The team regrouped with Tony Southgate as designer and Rodríguez brought back into the fold to partner Oliver, and gained its first V12 victory when Rodríguez won the 1970 Belgian Grand Prix in a P153, with further victories for Jo Siffert and Peter Gethin in 1971 in the P160. The team had reached one of its intermittent peaks of success. Sadly both Siffert and Rodríguez were killed before the 1972 season and the team had to regroup completely again. Their last victory came when Jean-Pierre Beltoise drove a stunning race to win the rain-affected 1972 Monaco Grand Prix with the P160. The 1972 campaign was generally chaotic: having acquired major sponsorship, Louis Stanley originally planned to field up to six cars (three for established drivers, three for paying journeymen and young drivers) of varying designs including P153s, P160s and P180s and actually ran up to five for a mix of paying and paid drivers until it became obvious that it was completely overstretched and the team's sponsors insisted that the team should cut back to a more reasonable level and only three cars were run in 1973 for Beltoise, Lauda, and Regazzoni.
Decline and fall
The last notable performance was Beltoise's second-place finish in the 1974 South African Grand Prix with the Mike Pilbeam-designed P201, a car with a pyramidalmonocoque, very different from the curvy "Coke-bottle" Southgate cars. The Owen Organisation ended its support of the team and it was run on a lower-key basis by Louis Stanley and some of the Bourne personnel as Stanley-BRM until 1977. Old P201s were initially used, with the team hoping for a revival with the bulky and vaguely Ferrari-like P207 - which failed entirely.
Cereal millionaire and amateur racer John Jordan purchased some of the team's assets when the team finally folded, and backed the building of a pair of P230 cars by CTG, with the aim of competing in the national-level Aurora AFX Formula One Championship. Teddy Pilette raced a P207 during 1978 with modest success, finishing fourth at Oulton Park and fifth at Brands Hatch. One chassis also apparently raced in the revived Can-Am series.
The team became involved with Rover's gas-turbine project, with the Rover-BRM gas turbine car running at Le Mans in 1963 and 1965 (it was damaged in testing and missed the 1964 race). BRM were also involved with Donald Campbell's gas-turbine Bluebird project. In later years they also built an unsuccessful Can-Am car, and dabbled with larger versions of the H16 engine for the Indianapolis 500. As a part of the Owen Organisation, BRM also worked on tuned road-car engines for Ford, Chrysler and others. The BRM-tuned version of the 1557 cc Lotus/Ford twin-cam engine was particularly popular as the Special Equipment option on Lotus Elan. This improved version of the Lotus-Ford engine was used by Tony Rudd when he left BRM for Lotus to form the basis of the Lotus produced "Sprint" version of the engine used in the Elan Sprint, Elan Plus2S-130, Europa JPS and Caterham Seven.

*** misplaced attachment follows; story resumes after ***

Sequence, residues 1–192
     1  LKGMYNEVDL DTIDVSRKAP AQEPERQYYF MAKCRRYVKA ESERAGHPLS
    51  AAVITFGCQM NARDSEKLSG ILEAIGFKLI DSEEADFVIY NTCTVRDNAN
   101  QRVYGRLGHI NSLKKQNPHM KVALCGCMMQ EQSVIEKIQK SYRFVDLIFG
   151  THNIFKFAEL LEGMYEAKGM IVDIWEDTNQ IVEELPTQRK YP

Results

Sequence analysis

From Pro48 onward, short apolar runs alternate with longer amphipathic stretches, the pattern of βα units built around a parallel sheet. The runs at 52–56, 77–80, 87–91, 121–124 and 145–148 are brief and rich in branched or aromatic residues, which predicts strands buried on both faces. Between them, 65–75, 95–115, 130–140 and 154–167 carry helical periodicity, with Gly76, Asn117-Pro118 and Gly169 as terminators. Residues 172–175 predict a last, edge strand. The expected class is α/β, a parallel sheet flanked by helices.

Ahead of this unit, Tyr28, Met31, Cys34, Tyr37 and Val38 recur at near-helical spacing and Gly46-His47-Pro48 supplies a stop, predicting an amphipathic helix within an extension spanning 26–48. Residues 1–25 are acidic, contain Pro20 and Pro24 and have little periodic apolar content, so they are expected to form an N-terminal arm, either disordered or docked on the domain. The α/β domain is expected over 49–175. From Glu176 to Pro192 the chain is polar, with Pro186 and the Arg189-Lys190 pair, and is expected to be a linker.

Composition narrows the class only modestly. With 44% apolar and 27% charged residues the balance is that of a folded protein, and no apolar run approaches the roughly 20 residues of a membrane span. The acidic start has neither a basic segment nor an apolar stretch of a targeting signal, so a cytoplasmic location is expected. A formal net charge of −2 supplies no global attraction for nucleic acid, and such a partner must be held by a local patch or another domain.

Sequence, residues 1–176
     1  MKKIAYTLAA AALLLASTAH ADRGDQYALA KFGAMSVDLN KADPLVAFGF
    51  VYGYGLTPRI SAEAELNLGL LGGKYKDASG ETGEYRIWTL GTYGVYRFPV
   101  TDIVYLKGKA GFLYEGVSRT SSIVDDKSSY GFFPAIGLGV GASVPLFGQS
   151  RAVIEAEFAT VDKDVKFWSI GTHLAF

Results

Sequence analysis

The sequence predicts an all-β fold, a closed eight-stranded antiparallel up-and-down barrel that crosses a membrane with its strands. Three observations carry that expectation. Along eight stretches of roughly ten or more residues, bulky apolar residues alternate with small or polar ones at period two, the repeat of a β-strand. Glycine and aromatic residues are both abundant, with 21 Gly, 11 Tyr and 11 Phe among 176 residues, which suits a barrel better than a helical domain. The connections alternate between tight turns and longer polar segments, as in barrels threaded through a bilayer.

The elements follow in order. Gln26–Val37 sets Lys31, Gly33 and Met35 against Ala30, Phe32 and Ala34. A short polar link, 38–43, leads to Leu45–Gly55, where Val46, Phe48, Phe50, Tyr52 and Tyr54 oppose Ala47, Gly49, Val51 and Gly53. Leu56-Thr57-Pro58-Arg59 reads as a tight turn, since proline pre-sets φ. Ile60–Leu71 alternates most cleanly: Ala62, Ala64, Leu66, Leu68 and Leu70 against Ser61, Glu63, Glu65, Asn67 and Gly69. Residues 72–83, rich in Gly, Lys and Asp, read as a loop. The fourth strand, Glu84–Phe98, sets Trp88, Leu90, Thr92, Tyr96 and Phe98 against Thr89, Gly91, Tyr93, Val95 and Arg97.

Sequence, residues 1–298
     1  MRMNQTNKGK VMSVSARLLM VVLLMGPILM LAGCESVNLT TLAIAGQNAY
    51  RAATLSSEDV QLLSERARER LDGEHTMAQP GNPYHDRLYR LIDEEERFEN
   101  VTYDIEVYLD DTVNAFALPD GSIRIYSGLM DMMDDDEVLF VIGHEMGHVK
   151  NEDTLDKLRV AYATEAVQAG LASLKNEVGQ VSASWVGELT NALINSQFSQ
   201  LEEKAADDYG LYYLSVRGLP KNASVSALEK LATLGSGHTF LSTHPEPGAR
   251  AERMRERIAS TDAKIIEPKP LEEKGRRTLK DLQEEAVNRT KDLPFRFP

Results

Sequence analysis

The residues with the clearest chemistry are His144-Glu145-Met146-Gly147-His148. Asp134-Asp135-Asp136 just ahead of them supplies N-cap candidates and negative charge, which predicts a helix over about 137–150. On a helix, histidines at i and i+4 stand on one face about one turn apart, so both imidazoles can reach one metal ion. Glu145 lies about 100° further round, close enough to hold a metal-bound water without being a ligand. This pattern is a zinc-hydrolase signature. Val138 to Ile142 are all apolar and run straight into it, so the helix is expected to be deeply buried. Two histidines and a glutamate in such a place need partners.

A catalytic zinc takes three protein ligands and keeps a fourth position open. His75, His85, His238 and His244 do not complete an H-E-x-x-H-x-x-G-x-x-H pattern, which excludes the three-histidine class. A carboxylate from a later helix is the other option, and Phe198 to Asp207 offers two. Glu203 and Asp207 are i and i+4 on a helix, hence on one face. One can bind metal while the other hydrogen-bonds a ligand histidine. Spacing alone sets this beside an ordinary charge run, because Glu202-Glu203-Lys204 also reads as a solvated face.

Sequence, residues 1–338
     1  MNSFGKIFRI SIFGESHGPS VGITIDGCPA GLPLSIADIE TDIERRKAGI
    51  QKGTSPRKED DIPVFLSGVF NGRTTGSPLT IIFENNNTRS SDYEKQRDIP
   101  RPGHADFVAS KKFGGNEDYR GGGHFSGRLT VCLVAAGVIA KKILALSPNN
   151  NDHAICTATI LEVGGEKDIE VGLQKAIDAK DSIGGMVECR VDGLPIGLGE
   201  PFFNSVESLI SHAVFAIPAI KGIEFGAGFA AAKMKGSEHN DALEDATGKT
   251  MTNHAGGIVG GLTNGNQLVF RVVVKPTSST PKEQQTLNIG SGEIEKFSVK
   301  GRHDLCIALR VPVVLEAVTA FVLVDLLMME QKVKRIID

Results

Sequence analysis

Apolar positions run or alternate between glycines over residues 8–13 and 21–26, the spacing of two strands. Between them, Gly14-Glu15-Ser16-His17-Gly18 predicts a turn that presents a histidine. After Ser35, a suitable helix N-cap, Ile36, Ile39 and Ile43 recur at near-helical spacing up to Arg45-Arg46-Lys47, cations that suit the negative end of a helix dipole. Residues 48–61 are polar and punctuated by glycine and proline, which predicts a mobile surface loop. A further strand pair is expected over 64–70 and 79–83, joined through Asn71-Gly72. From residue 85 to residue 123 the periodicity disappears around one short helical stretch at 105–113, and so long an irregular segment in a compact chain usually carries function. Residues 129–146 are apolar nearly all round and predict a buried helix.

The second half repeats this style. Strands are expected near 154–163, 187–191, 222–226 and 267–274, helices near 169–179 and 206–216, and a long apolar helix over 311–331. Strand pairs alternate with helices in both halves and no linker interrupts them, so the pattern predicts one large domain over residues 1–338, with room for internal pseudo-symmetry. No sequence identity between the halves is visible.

BRM were contracted by Chrysler (UK) Competition Department to develop a sixteen-valve cylinder head for the Hillman Avenger engine. It proved unreliable, underpowered, and unable to compete with the Ford rally team's proven Cosworth BDB-powered RS1600 Escorts.
BRM engine sales
The Owen Organisation expected BRM to turn a profit through sales of racing engines; the four-cylinder appeared briefly in a Cooper-BRM special for Stirling Moss but found no other customers. The V8 powered many 1.5-litre cars, including various private Lotuses and Brabhams as well as the BRP works team. Enlarged Tasman Series V8s of between 1.9 and 2.1 L were popular in 1966 as a stopgap before full three-litre engines were widely available. These units were also sold to Matra to power its early sports-prototypes.
Team Lotus used the ill-fated H16 engine, scoring its only win.
V12s were sold to other constructors of which the most notable were Cooper, John Wyer and McLaren. Matra entered into a contract with BRM to collaborate in the design of their own V12 engine, but when this became public knowledge the French constructor was forced to drop the involvement with BRM and restart development with a French partner, as its government funding was threatened, but there were still close resemblances between the finished Matra engine and the BRM.
Sponsorship and colours
The first BRMs were a pale duck-egg green (any shade of green represented Britain's racing colours), but this was later replaced for aesthetic reasons by a very dark metallic shade of grey-green. During the team's Owen-owned years the cars bore simple "Owen Racing Organisation" signage. The BRP-entered BRM forMoss and Herrmann was a non-metallic duck-egg green. Centro-Sud ran their cars in Italian red; Trintignant's car was in French blue.
At one point in the 1960s Alfred Owen's brother Ernest wanted the team to paint their cars orange with black trim, orange being the Owen Organisation's corporate colour, used for a band around the nose of the cars and for the mechanics' overalls; Rudd (who didn't like the idea of orange BRMs) pointed out that orange was the Dutch racing colour, when such things were still honoured; through most of the 1960s the cars ran with Owen orange bands round the nose.
The team acquired significant commercial sponsorship from Yardley for the 1970 season, running in white with black, gold and ochre stripes in a stylised "Y" wrapping around the car's bodywork, losing this deal to McLarenfor 1972 and replacing it by Marlboro's familiar white and red (a flat shade, not dayglo) colours. Ironically this deal was also lost to McLaren for 1974, to be replaced briefly by Motul in a pale green and silver colour scheme. As Stanley-BRM the cars initially ran in red, white and blue with no major sponsorship; for the team's swansong it was sponsored by Rotary Watches and ran in pale blue and white. The Jordan-BRM P230 was black and gold.
Later use of BRM name
BRM raced again as part of a project by John Mangoletsi for a Group C sports car known as the P351 with the backing of the Owen family to use the BRM name. Unfortunately the car was short lived and unsuccessful. In 1997 Keith Wiggins and Pacific Racing would resurrect the car as the BRM P301, using the BRM name only because it was technically a BRM built chassis but had no other connection to British Racing Motors. Heavily modified into an open cockpit sportscar, the car was equally unsuccessful.
A special edition Rover 200 was produced to commemorate the Rover-BRM gas-turbine car; this was finished in Brooklands Green (however not the very dark metallic gunmetal BRM shade) with an orange lower, front grill and silver details.